10. Andrew at MEA

    What does it take to be an IoT engineer?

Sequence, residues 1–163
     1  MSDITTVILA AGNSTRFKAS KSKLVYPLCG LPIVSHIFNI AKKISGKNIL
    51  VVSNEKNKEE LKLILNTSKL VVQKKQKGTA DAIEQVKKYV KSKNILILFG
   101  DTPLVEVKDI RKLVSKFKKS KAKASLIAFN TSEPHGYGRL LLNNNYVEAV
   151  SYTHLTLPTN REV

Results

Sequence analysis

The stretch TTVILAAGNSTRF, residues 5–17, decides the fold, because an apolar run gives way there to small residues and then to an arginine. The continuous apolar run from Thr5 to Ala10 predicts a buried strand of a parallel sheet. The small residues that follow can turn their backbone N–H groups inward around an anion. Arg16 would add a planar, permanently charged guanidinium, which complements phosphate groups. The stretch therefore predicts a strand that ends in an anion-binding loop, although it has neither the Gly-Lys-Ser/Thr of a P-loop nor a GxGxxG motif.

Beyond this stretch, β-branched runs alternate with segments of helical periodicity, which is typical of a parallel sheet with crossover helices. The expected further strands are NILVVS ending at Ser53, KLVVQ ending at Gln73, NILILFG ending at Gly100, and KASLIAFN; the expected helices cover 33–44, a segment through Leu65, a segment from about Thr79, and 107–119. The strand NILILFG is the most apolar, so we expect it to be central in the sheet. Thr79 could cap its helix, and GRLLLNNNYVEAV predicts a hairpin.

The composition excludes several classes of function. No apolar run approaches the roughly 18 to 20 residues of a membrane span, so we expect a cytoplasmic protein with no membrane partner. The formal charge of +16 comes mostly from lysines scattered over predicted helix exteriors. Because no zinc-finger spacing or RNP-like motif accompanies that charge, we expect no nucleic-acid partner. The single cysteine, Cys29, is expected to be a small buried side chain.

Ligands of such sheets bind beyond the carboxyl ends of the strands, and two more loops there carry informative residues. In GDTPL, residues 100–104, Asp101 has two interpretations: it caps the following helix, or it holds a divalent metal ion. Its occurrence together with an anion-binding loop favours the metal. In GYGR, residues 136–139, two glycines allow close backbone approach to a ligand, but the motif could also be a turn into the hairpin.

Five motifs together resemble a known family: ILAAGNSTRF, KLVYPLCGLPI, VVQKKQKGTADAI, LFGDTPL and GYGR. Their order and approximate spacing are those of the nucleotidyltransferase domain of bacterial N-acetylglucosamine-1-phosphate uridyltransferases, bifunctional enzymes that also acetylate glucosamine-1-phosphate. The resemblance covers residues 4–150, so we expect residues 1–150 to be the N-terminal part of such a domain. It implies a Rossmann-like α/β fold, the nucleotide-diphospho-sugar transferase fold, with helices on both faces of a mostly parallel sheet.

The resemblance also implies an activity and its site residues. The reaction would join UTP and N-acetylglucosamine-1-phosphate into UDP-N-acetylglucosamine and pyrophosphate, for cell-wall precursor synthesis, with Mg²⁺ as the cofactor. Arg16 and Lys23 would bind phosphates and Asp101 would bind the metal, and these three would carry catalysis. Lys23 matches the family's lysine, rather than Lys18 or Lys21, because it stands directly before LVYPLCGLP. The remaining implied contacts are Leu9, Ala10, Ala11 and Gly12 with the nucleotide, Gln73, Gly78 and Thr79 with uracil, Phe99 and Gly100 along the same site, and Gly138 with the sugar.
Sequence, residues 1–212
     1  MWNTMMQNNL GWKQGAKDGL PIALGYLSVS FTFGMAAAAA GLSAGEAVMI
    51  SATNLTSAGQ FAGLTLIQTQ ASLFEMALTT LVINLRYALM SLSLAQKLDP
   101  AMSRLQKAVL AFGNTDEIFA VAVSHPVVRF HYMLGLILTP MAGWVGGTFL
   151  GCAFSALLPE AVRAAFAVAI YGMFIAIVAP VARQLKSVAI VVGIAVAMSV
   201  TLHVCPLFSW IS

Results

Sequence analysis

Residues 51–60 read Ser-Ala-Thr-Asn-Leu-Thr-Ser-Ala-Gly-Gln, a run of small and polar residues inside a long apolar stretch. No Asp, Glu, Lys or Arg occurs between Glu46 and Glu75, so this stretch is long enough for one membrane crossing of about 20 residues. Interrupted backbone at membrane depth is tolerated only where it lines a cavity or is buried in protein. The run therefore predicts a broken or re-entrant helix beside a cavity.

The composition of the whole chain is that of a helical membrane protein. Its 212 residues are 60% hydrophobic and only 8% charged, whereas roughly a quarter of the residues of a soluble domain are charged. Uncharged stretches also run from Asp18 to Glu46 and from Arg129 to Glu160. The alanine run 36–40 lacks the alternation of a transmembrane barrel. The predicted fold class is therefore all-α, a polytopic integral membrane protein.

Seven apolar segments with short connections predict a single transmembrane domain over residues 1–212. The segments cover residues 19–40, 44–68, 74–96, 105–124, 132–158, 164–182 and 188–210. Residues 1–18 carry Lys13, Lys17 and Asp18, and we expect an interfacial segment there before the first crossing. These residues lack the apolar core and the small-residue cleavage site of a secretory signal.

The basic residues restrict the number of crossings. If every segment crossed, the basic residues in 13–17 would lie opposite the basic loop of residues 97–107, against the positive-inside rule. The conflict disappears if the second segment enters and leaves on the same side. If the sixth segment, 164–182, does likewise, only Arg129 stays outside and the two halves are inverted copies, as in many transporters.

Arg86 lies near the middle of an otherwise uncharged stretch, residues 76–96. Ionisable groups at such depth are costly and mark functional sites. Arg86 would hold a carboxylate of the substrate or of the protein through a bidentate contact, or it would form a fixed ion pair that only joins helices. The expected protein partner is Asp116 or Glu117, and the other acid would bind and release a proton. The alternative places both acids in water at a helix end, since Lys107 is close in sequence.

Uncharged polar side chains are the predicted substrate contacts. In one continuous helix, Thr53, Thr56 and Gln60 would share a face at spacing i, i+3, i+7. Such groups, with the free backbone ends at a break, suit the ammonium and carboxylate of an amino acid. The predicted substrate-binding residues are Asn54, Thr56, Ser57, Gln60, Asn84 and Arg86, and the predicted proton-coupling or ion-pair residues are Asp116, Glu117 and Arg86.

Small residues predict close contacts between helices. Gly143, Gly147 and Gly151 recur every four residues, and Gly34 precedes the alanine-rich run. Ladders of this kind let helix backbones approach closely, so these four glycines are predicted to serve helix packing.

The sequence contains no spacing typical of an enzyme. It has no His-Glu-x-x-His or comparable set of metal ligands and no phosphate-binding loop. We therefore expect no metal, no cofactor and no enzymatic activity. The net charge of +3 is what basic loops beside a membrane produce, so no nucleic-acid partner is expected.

Producing the IoT I’m a self-confessed ‘data-sheet junky’. This is an inexpensive and innocuous habit, allowing me to indulge in circuit daydreams at odd moments while the digital whiz-kids are struggling with coding and software and Internet issues. Many hundreds of data sheets sit quietly on my phone and are backed up in the Cloud, weighing nothing, costing nothing, crammed with applications information and a free education in how to build things with electronics. These data sheets keep my dream of being an electronics engineer alive while I do my day job in the IoT business. In the past four months – since official product launch of our latest on-farm IoT product – MEA has been running field trials with live customers, testing phone apps on every conceivable Android and iOS device and generally getting beat-up as per usual. While all that has been going on a whole new engineering project has been underway: construction of the production line. No IoT product development has been completed until you’ve built the programming and test jigs and are churning out stock to load the shelves. Boxes and boxes of built-up circuit boards arrive from remote PCB factories and pile up on the incoming stock shelves. Our operations manager hovers nervously on the fringes of the engineering team, waiting for the gun to go off. Designing the product is only half the game; the second half is running every device through electrical tests, charging batteries and load-testing them, loading firmware into various on-board microcontrollers, testing Bluetooth and other comms channels, reading sensors, milking out those all-important identifying MAC addresses, logging them and printing labels then storing test results to our server. Then there’s documentation, staff training and meshing-in all those other manufactured components such as enclosures, packaging and ancillary items. We’re building low-cost volume IoT products, so this whole production process has to be automated and run by any kid old enough to serve hamburgers. Profit margins are slim as we compete in this over-hyped and over-heated world where the final arbiter of success is a signed purchase order, positive cash flow and a light service load. Our product development team is a small enclosed world demanding high skill levels and intense concentration. Upstairs is a very different reality; our marketing folk are trying to get the knots out of the customer experience, simplifying the creation of Green Brain accounts and the downloading of the Retrieve app that runs our latest Bluetooth loggers and connects sensors and loggers through phones to our Green Brain database in the Cloud. Endless talking, phone calls, stress, tweaks to Green Brain operations – just the usual daily round while management tries to keep the MEA ship on an even keel and the books balanced. So that’s the scene around me. Except my mind is off wandering, scouting ahead to the next generation of products that will one day create an internal furor of their own. I’ve come up with a cunning new circuit for solving the Yamartino formula in the measurement of wind direction for newer faster MEA weather stations. I need a PWM-to-DAC converter and I just know I’ve got a data sheet for that somewhere…